Quite what Internet Australia (IA) will now say following this news is to be seen, but it has "called on the management of NBN Co to commit to greater transparency in the light of the release of information that has caused people to question the company’s performance".
IA’s chief executive, Laurie Patton said: “Irrespective of how it was released, information now in the public domain raises serious issues that need to be addressed as a matter of urgency. There is a crisis of confidence in NBN and this cannot be allowed to continue."
Picking up on "reports based on a stream of internal leaks the NBN rollout is behind schedule and costing more to connect to each building than originally projected", IA states "there are concerns about delays in approvals for power needed for the technically inferior copper-based FttN service and about the capabilities of the decades old HFC (Pay-TV) cabling, both of which have been added to the current government’s so-called multi-technology mix (MTM) strategy".
Patton said: “Then there’s the question of the cheaper, so-called ‘skinny fibre’ that is now available. There have been claims that it is now close to the same cost to deploy as copper."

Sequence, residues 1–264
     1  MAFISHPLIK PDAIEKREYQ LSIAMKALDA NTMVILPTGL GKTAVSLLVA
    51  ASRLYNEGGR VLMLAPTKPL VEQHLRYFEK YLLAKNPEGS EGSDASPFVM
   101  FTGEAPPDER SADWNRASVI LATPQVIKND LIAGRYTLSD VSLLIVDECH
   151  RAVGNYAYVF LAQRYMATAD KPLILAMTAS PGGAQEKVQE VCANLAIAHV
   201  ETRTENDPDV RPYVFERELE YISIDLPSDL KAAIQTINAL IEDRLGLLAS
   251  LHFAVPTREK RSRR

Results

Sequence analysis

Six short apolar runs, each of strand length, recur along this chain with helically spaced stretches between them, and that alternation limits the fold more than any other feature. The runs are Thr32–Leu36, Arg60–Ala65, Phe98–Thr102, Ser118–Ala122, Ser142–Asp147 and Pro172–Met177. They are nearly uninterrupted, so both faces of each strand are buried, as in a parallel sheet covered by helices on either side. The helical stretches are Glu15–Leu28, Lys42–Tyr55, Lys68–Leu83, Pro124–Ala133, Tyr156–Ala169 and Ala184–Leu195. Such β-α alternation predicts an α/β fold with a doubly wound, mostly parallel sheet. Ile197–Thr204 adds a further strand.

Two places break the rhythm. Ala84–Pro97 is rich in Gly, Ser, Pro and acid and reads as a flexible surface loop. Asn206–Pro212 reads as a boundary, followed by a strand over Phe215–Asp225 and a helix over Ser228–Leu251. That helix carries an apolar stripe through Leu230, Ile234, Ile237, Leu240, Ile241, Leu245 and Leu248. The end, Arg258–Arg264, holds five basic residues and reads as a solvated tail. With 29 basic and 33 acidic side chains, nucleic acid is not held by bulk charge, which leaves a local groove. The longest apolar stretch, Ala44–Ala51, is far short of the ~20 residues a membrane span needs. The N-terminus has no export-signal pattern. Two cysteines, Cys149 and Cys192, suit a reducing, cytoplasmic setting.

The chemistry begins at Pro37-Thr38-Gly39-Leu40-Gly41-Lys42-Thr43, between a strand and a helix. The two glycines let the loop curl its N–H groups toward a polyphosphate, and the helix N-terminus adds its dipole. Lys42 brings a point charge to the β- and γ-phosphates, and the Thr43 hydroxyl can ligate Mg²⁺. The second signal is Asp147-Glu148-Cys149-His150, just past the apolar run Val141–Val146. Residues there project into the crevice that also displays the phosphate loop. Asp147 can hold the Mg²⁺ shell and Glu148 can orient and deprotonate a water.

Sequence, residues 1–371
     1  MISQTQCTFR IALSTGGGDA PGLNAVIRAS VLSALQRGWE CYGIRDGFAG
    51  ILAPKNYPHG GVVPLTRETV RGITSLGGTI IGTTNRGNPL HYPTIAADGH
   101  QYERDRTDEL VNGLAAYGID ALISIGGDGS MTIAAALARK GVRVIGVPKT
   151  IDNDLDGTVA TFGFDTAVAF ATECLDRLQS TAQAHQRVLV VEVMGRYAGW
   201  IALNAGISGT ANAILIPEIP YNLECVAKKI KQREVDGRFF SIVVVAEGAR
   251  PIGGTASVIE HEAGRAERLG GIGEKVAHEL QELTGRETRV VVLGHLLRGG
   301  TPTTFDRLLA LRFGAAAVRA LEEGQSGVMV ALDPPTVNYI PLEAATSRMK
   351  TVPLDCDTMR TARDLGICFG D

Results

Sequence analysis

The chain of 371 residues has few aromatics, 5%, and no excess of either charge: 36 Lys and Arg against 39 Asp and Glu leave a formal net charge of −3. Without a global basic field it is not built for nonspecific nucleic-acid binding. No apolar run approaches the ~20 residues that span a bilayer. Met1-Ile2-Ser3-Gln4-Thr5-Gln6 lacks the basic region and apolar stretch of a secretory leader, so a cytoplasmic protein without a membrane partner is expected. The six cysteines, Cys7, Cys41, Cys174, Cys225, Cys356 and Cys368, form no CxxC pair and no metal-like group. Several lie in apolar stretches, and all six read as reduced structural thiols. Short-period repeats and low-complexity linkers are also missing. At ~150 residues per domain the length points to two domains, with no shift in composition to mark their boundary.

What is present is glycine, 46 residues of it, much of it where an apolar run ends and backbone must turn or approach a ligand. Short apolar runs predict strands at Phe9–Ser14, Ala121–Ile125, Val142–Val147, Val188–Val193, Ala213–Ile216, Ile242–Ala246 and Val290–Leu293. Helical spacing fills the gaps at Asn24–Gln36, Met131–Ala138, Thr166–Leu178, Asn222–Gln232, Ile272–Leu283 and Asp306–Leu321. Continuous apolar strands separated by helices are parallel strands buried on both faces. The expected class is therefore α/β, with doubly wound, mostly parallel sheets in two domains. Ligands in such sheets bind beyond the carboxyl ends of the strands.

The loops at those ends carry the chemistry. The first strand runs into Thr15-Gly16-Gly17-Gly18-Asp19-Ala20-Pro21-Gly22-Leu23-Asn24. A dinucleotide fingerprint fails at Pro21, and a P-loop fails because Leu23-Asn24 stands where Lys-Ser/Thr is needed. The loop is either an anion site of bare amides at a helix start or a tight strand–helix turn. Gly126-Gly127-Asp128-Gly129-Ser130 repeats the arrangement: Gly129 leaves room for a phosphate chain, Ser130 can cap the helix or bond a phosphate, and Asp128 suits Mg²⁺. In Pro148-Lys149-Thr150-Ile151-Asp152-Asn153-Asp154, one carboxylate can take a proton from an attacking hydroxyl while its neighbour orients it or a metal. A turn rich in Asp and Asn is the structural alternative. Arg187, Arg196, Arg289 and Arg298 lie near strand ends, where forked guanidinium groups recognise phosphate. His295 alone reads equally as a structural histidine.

Much more below, please read on.
IA reminds us that our national broadband network "is the largest nation building infrastructure project in decades", and that IA "believes that it is an essential service required to underpin our ambitions to become an innovation nation", and that "it is also vital to our social development".
Patton continued: “NBN’s internal ‘whistle-blowers’ have provided an insight into the company’s activities that, if true, are clearly at odds with what we are being told by management."
Continuing the NBN explanation and exposition, IA states that "NBN is a government monopoly with no direct competitors. Therefore it cannot claim that its performance, in terms of the rollout of the network or the revenues it receives, are ‘commercial-in-confidence’. What’s more, if NBN was a listed company it would be required under the ASX Continuous Disclosure rule to provide accurate and up-to-date market information – especially in the light of any leaking of unpublished information as has happened here".
Taking a bit of the patina off the NBN, Patton pounced, stating: “The fact that information is now available that disputes what NBN and the government have told us requires immediate and full transparency. We, the taxpayers and shareholders funding this exercise, are surely entitled to know the true facts?”
Now, it is no secret that IA has"‘previously called for a rethink and urged the government and the opposition to put politics aside and agree on a bipartisan NBN strategy".